Particle sizing & characterization
Frequently optical particle size measurement techniques are used to determine the volume weighted distribution. To this end the size and material dependent extinction coefficient is needed, which can be calculated by Mie-theory using known complex refractive index of the particles. In this case strong assumptions have to be made like spherical homogeneous particles. The experimental determination of the refractive index can be very difficult especially in the submicron range and for heterogeneous particles. No standard methods are available today.
The evaluation of space and time resolved extinction profiles for separating particles at different wavelengths can be used as alternative approach. The information on particle size distribution is then gained from sedimentation or creaming velocity and the wave length dependency of the extinction. The extinction coefficients and further the volume weighted particle size distribution can be calculated based on the differences between the profiles by algorithm described.
Droplet size & particle size distributions
Particle sizing for the whole sample:
- True raw data – Direct physical measurement
- Same principle applied for nm to µm
- High resolution for multimodal systems
- Higher concentrations possible than for other
- Closed sample cell – No restrictions for liquid
Stability testing & separation analysis
LUMiReader PSA is used in countless applications for direct real-time stability testing and separation analysis of emulsions, suspensions, suspoemulsions and related products in their original concentration.
The measuring temperature is selected according to the application and storage conditions from the large range between 4-80 °C. Advantages are reported for nano & microparticles, for unsteady particle systems like crystals and their agglomerates, fibres and flakes. A sample specific acceleration of the separation at gravity can be achieved by inclined settling, applying the Boycott effect.
References: bit.ly/2mt2GuP & bit.ly/2kO0PAq
Aging, particle size & concentration changes
LUMiReader PSA measures extinction profiles at different wavelength. This allows for the determination of changes in concentration and/or particle size. The differences at different wavelengths can be used for the comparison in product quality. Changes in particle size may result from flocculation, coalescence, etc.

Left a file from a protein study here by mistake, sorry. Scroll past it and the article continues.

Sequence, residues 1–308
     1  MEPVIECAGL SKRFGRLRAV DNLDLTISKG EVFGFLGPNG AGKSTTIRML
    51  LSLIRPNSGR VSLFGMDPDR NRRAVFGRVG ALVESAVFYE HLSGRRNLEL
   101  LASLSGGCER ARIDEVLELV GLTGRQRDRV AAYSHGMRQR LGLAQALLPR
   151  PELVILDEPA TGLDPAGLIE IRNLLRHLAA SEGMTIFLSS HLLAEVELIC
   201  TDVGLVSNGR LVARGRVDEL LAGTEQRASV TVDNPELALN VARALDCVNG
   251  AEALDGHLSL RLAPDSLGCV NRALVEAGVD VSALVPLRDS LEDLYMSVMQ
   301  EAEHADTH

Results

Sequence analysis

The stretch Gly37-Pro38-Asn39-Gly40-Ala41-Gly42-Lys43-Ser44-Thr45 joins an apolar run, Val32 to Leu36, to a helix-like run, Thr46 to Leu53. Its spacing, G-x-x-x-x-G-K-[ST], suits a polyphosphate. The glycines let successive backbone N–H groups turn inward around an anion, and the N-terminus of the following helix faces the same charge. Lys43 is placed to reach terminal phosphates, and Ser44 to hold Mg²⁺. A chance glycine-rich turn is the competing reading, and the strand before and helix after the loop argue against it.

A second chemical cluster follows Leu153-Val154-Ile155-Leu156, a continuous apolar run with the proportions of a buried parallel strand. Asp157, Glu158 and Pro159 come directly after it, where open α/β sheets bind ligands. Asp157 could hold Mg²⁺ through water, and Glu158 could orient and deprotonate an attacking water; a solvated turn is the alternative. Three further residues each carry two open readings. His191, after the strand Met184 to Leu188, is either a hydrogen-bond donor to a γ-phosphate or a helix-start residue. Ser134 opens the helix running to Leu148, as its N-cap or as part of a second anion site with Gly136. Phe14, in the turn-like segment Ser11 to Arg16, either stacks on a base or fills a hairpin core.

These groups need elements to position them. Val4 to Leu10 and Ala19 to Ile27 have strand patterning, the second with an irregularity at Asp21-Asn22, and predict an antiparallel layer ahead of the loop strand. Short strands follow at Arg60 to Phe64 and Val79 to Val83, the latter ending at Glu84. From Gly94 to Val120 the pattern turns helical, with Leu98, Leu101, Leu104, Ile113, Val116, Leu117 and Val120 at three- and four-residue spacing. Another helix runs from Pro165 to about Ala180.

From the separation velocity, the light attenuation and the signal differences at different wavelengths the extinctions coefficients and further the volume weighted particle size distribution can be calculated using the Multiwavelength Extinction Ratio analysis module in SEPView software. No complex refractive index is needed and strong assumptions like spherical homogeneous particles are not necessary.
Quality control is the essential part for producing satisfying products. This relates to the control of the raw materials, intermediate and final products. For dispersion related products there might be changes in particle size of a single component, of the whole system or in
material composition, which would affect the quality of the final product.
Therefore an integral method measuring changes in size and density or rather their distribution has advantages over determining particle size distribution only. It is given with the separation velocity distribution.
Hansen Solubility Parameters
Hansen Parameters (HSPs) - in most recent publications named Hansen Dispersibility Parameters - have been widely used in diverse scientific disciplines and industries for predicting the solubility of materials in different solvents and for characterization of pigment dispersibility and wettability of various surfaces as well as of adsorption properties of pigment surfaces.
Using the 3D-Hansen space approach, particles are dispersed into a number of liquids. Based on their behavior - good or bad homogeneous distribution, extent of agglomeration or flocculation – liquids are ranked as "Good" or "Bad". The LUMiReader PSA can be applied to determine Standardized Relative Sedimentation Time (RST) as base for ranking solvents as good or bad, especially in case of fast settling.